For example, in one specific scale unit construction, each coil spring has a maximum load capability of 1,950 pounds with a maximum deflection of 0.6 inches. For measuring loads up to 7,800 pounds, four springs 36 would be utilized mounted at positions 37a, e, g and k. If a maximum load of up to 11,700 pounds is desired to be weighed, six springs 36 would be required and would be positioned at positions 37a, c, e, g, i and k. For a maximum weight of up to 15,600 pounds, eight springs would be utilized in positions 37a, c, e, f, g, i, k and l. For a maximum weight of up to 19,500 pounds, 10 springs would be utilized in the positions in 37a, b, d, e, f, g, h, j, k, and l. For a maximum load weight of 23,400 pounds per unit, 12 springs would be utilized at all of the spring positions shown.

Each scale unit 11-14 has spring receiving means 40 (FIG. 3) for securing each of the springs in an upright position between the platform 30 and the base 16. The spring receiving means 40 includes opposing upper pins 41 and lower pins 42 (FIG. 3). The pins 41 and 42 are spaced so that the unloaded distance between the ends of the pins is less than the maximum deflection of each of the springs. For example, if the maximum deflection of the springs is 0.6 inches then the distance between the ends of the pins 41 and 42 would be 0.5 inches so that the pins engage each other and bottom out before the springs are fully deflected. Thus, the spring receiving means 40 also provides a safety feature. Additionally, the spring receiving means 40 prevents the platform 30 from moving substantially lateral with respect to the base.

Although a specific rectangular arrangement is illustrated, various other types of arrangements or positions of the springs may be utilized depending upon the desired application.

Each of the scale units 11-14 has means 45 (FIGS. 2 & 7) for pre-loading the compression springs 36 a predescribed amount. The pre-loading means 45 includes hold-down elements 46-49. Each of the hold-down elements 46-49 includes a pair of upright spaced ears affixed to the base 16 and extending upwardly. Each of the ears has a vertical slot 52 (FIG. 7) formed therein in which the length of the slot 52 is greater than the maximum allowable deflection of the springs 36. For example if the springs are allowed to deflect 0.5 inches, then the length of the slot would be 0.6 inches or longer in length. Each hold-down element 46-49 has a slide block 53 with pins 54 and 55 extending horizontally outwardly therefrom for riding in the vertical slots 52. The sliding block has a shaft 67 with a threaded hole that is directed upwardly toward the platform 30 for receiving hold-down bolts 68. The distance between pins 54 and 55 and the top of shaft 67 is very important. Bolts 68 are threaded into the shaft 67 to pull the platform 30 downwardly until the platform 30 engages the top end of the shaft 67. This compresses (preloads) each spring a desired amount. In one specific example, the distance of compression is 0.1 inches which causes a pre-loading of approximately 390 pounds per spring. The pre-loading significantly increases the accuracy of the scales and prevents movements that may interfere with the accuracy of the instrument.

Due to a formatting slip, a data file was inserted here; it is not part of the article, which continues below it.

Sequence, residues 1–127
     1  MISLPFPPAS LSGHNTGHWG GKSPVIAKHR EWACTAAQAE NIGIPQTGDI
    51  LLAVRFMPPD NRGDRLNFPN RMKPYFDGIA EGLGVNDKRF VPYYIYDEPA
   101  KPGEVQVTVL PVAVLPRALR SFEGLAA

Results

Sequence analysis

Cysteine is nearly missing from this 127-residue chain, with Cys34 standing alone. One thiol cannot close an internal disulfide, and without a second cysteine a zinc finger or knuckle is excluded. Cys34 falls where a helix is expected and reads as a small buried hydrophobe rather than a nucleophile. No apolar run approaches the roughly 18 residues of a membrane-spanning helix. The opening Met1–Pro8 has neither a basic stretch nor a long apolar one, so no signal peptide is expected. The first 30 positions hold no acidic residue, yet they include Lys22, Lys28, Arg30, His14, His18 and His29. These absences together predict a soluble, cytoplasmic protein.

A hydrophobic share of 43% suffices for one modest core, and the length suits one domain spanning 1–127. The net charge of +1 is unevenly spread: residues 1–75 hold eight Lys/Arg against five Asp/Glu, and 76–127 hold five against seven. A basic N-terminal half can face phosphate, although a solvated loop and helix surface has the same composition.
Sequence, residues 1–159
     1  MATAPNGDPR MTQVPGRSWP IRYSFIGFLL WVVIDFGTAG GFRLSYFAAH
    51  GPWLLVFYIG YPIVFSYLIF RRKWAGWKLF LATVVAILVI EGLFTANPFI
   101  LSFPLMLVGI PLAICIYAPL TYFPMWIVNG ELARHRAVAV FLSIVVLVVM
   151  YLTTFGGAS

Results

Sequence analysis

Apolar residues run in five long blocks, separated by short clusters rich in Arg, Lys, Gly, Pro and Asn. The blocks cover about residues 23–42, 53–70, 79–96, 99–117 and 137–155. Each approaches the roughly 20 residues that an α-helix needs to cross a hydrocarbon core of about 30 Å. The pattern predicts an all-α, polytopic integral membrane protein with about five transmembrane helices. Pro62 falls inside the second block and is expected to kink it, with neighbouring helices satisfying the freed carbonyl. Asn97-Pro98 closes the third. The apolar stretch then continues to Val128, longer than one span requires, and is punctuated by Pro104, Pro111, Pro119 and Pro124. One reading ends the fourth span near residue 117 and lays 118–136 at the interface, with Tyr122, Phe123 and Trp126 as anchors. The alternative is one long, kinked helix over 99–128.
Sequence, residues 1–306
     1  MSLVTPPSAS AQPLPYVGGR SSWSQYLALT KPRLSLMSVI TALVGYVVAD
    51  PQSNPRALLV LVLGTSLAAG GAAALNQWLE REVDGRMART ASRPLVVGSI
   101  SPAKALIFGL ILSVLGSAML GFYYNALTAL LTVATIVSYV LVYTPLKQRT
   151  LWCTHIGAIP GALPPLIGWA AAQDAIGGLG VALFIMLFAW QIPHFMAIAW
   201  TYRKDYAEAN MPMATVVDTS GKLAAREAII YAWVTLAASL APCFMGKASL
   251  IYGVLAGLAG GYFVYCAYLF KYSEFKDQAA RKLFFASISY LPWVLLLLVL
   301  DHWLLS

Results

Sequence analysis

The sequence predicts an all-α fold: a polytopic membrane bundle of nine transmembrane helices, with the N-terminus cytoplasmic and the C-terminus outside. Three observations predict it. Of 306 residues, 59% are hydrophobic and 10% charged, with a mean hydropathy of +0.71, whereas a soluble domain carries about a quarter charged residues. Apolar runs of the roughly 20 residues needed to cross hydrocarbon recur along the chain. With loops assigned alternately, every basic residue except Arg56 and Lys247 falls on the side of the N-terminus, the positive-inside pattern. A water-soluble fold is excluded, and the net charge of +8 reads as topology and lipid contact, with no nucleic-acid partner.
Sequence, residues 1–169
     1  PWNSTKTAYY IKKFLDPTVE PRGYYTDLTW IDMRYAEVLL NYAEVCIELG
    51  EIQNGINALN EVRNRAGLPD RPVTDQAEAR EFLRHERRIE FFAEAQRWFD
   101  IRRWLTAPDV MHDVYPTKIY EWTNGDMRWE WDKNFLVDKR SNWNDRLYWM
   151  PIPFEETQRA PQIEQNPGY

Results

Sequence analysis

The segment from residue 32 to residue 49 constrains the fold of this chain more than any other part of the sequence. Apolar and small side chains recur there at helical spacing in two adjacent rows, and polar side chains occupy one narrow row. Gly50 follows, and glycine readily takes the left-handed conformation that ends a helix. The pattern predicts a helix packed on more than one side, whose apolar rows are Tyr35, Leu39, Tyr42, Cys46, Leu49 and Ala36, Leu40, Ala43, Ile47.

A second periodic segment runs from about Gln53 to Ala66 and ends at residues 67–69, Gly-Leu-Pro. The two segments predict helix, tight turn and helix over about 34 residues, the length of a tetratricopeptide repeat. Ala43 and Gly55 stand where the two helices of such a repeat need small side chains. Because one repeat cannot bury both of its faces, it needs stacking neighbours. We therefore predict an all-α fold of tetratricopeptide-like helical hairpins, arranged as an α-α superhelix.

Each of the scale units 11 has means 70 for measuring the deflection of the springs and consequently the weight that is applied to each unit 11-14. In this specific embodiment, the means 70 includes variable capacitor transducers 72 and 73. The transducers 72 and 73 are centrally located. The transducers do not support the weight of the applied load, but merely are responsive to the deflection of the springs or the compression of the distance between the base 16 and the platform 30.

The variable capacitor transducers 72, 73 are constructed utilizing metallic electrically conductive plate or disc electrodes 74 (FIG. 6) separated by layers 75 of elastic dielectric material. Each of the electrodes 74 has a connecting tab. Preferably the elastic dielectric material is natural sponge rubber. It is found that natural sponge rubber has a considerable longer life and is more accurate than other types of resilient or elastic dielectric materials that have been tried. As the springs depress, the distances between the electrodes 74 change linearly in proportion to the deflection of the springs causing the capacitance of the transducers to change substantially linearly. The transducers are encapsulated in a protective flexible rubber or plastic coating 76.

In a different physical layout, the scale system 10 includes a bridge unit 80 (FIGS. 4 & 5) that may be utilized to interconnect two of the scale units in tandem as illustrated in FIG. 4. The bridge unit includes a base 82 that may be ground supported. Inclined sides 83 extend outwardly and upwardly in opposite directions complementary to the unit ends 18 and 19. A support plate or platform 84 is mounted on the base 82 at substantially the same level as the deflected elevation of the platform 30. The base 82 is positioned between bases 16 of the scale units with the inclined sides 83 extending upward and outward complementary to the inclined surfaces 21 and 22 respectively. The bridge 80 enables the wheels to move over the bridge from one unit to another. The platform 84 has overhanging ledges 86 that extend downward into the spaces 27 and 28 respectively to lock or secure the scale units 13 and 14 together to prevent any substantial shifting or movement of one unit with respect to the other. The tandem arrangements may be easily disassembled by merely picking up the bridge unit or sliding the bridge unit laterally to separate the scale units 13 and 14.